• Quite often, if you only have a few pieces of the puzzle, or the pieces you have came from a source that had an interest in biasing you towards a particular point of view, the conclusions you come to based upon the information available to you may be widely different from the conclusions that you (or most people) would have come to if they'd had more pieces, or a more randomly selected sample of pieces.
    • Therefore, while everyone is worth listening to, it isn't always a good idea to give an equal weight to the different conclusions that different people arrive at.


  • lga1965
    by lga1965
    October 10, 2012 at 9:36 AM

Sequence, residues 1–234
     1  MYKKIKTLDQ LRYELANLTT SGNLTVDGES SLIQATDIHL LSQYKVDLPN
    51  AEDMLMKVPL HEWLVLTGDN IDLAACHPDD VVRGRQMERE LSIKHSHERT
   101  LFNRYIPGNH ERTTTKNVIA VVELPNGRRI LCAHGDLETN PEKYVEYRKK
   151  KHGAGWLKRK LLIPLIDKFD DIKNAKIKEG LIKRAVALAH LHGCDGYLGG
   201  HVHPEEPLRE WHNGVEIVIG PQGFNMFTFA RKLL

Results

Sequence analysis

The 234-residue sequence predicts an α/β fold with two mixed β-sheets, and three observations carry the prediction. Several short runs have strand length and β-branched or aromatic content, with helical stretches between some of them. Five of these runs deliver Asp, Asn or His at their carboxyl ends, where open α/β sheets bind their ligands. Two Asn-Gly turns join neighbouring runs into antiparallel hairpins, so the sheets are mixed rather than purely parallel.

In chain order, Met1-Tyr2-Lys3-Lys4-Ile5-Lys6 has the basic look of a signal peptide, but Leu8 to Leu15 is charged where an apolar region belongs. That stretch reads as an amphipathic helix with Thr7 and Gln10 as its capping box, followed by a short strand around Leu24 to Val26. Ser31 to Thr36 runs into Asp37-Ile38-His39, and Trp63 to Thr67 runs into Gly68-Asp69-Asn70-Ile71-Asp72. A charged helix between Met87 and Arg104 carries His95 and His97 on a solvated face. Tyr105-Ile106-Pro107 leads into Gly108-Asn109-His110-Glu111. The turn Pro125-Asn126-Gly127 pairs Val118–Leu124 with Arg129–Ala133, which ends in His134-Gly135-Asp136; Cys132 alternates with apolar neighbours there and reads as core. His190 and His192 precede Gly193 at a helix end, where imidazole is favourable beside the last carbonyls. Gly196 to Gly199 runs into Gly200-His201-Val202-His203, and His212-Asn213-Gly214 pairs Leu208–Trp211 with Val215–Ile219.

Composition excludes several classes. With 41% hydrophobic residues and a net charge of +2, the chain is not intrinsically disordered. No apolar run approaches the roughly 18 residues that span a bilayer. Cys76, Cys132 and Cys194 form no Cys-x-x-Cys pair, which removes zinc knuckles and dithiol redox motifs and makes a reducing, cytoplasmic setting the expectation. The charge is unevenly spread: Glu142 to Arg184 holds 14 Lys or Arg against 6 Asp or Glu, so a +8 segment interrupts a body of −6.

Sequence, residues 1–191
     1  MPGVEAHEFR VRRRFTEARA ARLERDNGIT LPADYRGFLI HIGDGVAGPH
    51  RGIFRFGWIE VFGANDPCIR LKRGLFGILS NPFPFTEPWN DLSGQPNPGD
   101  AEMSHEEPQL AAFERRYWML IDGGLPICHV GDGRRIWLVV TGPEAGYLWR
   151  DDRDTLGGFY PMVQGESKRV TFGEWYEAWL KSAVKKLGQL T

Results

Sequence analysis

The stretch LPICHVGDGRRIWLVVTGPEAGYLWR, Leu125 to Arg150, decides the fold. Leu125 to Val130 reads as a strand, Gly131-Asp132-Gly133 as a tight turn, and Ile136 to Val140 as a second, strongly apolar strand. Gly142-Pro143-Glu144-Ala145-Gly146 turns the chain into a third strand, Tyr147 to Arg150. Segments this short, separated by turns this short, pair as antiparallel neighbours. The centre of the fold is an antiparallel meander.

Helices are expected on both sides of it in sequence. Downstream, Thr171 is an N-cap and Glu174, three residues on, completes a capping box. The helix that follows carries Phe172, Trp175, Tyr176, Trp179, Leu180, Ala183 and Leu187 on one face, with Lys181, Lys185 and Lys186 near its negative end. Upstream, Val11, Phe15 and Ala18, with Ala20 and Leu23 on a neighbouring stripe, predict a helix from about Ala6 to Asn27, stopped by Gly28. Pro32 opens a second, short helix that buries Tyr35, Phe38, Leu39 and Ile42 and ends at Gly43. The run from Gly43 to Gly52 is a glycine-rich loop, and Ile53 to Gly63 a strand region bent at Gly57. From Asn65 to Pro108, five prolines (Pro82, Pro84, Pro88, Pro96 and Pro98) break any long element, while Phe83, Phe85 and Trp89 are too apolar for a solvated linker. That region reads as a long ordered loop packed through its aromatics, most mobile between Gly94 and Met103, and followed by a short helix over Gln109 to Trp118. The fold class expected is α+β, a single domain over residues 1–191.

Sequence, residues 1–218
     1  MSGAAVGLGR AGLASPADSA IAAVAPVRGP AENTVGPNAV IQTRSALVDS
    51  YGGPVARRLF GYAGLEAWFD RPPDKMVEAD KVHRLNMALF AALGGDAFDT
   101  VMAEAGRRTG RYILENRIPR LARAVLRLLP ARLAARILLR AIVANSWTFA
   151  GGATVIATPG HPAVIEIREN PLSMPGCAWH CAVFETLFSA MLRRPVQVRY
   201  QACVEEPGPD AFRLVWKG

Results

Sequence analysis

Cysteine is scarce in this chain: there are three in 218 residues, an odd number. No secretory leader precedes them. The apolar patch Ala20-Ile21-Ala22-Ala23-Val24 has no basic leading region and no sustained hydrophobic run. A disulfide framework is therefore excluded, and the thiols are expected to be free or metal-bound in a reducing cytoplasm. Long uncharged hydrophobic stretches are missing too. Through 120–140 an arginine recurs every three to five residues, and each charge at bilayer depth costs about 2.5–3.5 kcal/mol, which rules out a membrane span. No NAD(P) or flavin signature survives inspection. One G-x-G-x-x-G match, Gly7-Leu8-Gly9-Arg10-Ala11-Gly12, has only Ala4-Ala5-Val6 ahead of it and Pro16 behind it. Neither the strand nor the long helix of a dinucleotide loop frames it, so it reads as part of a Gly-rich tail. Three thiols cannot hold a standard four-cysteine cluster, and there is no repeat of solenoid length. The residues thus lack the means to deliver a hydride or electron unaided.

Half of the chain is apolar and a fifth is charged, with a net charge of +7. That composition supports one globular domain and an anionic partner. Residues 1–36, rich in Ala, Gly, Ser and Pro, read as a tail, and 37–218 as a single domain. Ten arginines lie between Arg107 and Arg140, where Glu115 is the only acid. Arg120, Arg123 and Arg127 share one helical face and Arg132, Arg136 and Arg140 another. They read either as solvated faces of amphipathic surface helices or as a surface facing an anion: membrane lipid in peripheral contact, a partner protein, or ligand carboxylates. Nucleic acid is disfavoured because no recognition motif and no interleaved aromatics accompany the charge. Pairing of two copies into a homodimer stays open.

Wow, now I don't know if I belong here because this is all so highly intelligent and so far above my head that I am stunned. I feel rather stupid now....LOL..don't think I have the ability to continue to post or comment. Seriously.

    This is too heavy for me.I highlighted a couple of sentences in red....I have no idea what Clairwil is talking about. I have never heard of that.

    I come to CM to just tell how I feel about a subject/post. And this makes my head spin.LOL. As I asked in a post yesterday, do I need facts and proof to back up my "feelings" and "opinions" ? If so, maybe I shouldn't even comment anymore? LOL.

    Yup, its way too much for me.

    Wow....maybe I will just go to the Entertainment Group and stay there?

    Quoting stacymomof2:

    Perfectly stated!  

    Quoting Clairwil:

    Quoting Clairwil:

    • Everybody has a different experience of life.  They have either lived in different places, met different people or have had different things happen to them.